issue-based argument

An issue-based argument is a method or document that is narrowly focused on a single issue. No statement that is out of scope for that issue - that is, addresses matters beyond the issue statement - can be included.

The best known example is the system of English jurisprudence on which Canadian criminal law and most Canadian civil law is based. The issue at hand is the verdict on a particular legal case. There are two sides each taking positions that are diametrically opposed - an adversarial process with advocates on each side (see barrister, solicitor, lawyer, master). A judge rules on what admissable evidence and admissable arguments may be heard by him or herself or a jury. If it does not bear on either the core issues of the case and does not counter an argument already raised by the opposing side. The judge may instruct the jury to disregard inadvertent inclusions, even possibly declaring a mistrial if they have clearly affected the outcome. An appeal allows another judge or judges to rule on the validity of the judge's rulings, though not to retry the case with new evidence. Please do not use TV, film or other fiction representations of courtroom proceedings, as they are almost inevitably inaccurate. Only a very few recent fictions have been meticulous about representing the real process and these present only its most dramatic and exceptional elements.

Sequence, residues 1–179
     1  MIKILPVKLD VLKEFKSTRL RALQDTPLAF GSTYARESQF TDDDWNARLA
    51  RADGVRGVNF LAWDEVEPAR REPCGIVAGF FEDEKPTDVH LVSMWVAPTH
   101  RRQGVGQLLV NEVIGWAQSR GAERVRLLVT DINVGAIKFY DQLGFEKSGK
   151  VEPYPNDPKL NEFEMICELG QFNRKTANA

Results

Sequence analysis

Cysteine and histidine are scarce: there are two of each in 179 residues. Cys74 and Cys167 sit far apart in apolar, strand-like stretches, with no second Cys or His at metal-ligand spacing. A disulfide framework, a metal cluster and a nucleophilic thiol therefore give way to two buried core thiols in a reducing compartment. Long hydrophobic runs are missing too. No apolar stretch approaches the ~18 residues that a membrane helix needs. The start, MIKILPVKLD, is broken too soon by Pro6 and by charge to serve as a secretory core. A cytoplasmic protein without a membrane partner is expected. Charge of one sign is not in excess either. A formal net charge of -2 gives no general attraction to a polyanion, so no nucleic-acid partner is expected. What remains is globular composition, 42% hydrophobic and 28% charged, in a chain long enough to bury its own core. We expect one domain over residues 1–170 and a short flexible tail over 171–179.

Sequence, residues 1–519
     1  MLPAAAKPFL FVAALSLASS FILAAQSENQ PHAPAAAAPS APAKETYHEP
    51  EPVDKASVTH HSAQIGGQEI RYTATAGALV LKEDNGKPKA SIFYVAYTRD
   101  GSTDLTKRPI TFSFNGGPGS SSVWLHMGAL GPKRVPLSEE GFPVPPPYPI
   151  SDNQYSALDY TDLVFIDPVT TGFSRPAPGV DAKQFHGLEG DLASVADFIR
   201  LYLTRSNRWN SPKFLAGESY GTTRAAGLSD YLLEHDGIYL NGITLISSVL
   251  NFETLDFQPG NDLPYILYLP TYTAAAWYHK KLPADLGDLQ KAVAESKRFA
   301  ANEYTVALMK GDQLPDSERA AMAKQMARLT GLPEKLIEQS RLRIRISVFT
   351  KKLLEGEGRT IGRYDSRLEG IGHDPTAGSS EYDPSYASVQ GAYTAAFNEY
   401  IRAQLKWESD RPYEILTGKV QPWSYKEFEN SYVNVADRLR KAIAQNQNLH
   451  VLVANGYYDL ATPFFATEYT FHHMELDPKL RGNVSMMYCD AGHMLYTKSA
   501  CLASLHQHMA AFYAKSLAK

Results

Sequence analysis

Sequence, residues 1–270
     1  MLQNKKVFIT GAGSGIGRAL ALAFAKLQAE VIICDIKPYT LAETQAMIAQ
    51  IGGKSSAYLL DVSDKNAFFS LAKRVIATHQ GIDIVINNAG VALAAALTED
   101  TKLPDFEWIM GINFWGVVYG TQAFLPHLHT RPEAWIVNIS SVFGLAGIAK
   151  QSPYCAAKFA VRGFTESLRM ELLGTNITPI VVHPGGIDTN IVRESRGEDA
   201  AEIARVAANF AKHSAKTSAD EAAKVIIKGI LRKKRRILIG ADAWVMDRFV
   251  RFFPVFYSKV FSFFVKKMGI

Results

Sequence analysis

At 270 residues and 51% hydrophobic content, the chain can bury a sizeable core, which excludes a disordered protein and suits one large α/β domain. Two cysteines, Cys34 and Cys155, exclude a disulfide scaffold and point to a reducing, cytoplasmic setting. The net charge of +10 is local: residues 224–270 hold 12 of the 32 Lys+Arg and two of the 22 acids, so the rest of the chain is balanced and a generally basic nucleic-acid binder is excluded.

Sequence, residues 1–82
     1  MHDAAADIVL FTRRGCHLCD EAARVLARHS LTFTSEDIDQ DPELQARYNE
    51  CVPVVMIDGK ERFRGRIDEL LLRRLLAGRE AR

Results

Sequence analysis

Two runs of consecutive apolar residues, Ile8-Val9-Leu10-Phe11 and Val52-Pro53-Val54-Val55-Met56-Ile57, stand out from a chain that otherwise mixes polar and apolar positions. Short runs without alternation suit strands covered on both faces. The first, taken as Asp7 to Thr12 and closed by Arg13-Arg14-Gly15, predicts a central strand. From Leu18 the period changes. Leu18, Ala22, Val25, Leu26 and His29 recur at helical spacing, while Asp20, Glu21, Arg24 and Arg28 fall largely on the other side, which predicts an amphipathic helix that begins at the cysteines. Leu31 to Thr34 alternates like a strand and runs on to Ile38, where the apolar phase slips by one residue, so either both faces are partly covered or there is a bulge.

A key principle of any issue-based argument or any due process is that all advocates have equal access to the same evidence and a chance to examine its source and question its authority.


The TIPAESA framework is a very straightforward representation of the documentation required to support a rigorous due process. There is a given schedule (a deadline or end time) to prepare the evidence and the arguments, then the issue is clearly stated by the prosecutor or plaintiff, for response by the defendant. A variety of standard positions may be taken, but may be interpreted or justified by an infinite variety of arguments, evidence and any source that is deemed credible as an authority by the judge or jury.

The simpler IPA subset is appropriate for beginners and processes where persistence of the arguments is important, but the fairness of representation or sticking to a decision schedule is less important. The Green Party of Canada Living Platform, other Living Platforms and openpolitics.ca itself use mostly this subset. A TIPA subset is used for meeting agendas, e.g. the Living Agenda.

Other argumentation frameworks exist but they tend to be more exploratory and allow shifts in the issue being debated - thus they are not appropriate for use in any process where process fairness is the paramount concern.